The short moment when the two people align their perspectives to look a particular exhibit feature together and discuss it is when something is produced, momentarily, that we might call intersubjectivity. It is not lodged inside the people’s brains but the product of their oral and bodily actions. A moment later when the action stops the intersubjective sense making of the piece dissolves and the people continue their visit of the museum.

When calling the examination of the piece prior to the interactional engagment ‘independent’ I did not presume that the actions at the exhibit-face were arising separate from each other. Rather while the eyes cross the canvas of the painting the visitors are aware of each other and attend to even slight changes in posture and head direction as well as even to slight movements of the legs and feet that may display or foreshadow a shift in activity. ‘Independent’ and ‘individual’ therefore are not appropriate terms to describe even those moments when people  stand and look at exhibits while standing side-by-side without talking.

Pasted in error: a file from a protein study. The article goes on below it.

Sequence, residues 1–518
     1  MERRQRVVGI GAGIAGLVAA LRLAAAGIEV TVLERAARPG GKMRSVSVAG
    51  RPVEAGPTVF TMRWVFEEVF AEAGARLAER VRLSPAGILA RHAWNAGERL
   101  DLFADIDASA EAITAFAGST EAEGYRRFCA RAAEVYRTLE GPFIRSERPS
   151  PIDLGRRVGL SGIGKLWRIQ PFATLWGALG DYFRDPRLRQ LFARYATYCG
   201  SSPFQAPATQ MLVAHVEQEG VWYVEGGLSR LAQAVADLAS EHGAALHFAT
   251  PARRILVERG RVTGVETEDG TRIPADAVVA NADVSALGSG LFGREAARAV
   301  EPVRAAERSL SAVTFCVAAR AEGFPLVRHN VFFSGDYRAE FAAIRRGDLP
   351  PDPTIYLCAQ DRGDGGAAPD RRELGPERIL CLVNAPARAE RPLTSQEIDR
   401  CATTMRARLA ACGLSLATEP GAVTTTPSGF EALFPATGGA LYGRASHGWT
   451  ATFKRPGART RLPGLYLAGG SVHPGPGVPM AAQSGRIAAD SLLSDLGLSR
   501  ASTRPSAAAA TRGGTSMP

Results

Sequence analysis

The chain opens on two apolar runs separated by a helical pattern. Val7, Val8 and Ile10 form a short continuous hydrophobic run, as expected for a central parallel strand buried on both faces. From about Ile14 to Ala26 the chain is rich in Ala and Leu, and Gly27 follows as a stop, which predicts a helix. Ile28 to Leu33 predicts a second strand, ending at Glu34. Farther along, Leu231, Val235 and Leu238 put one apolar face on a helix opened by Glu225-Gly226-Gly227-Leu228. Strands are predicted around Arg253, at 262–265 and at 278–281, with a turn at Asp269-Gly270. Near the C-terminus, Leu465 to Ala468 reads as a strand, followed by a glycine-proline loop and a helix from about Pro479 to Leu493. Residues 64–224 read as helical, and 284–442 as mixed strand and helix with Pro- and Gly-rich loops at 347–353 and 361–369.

Essays like Kandel’s or Ramachandran and Hirstein’s article reflect how we think about looking at and interpreting art. “Beauty is in the eyes of the beholder” has become a folk description of aesthitic judgments. Interestingly however the statement is often used to account for differences in aesthetic judgment and not to display intersubjective agreement about aesthetics. Kandel’s point also resonates with us as readers who sit there individually ‘interpreting’ a text that in this moment is not available to others. I read the piece in an armchair while nobody else was around in the house. Imagine the article printed on a large poster or series of posters and being read by people in pairs. Maybe like those visitors facing Rembrandt’s portrait they would stop half-way through, discuss and maybe disagree about Kandel’s claim that intersubjectivity arises in our brains.

Essays and books like Kandel’s (2012) “The Age of Insight: The Quest to Understand the Unconsciousness in Art, Mind and Brain, From Vienna 1900 to the Present” are fascinating reads. However, I wonder when the time will come that this kind of brain science will leave the laboratory and be made relevant where ‘the rubber hits the road’ or where people with brains, bodies and the ability to communicate and interact face works of art.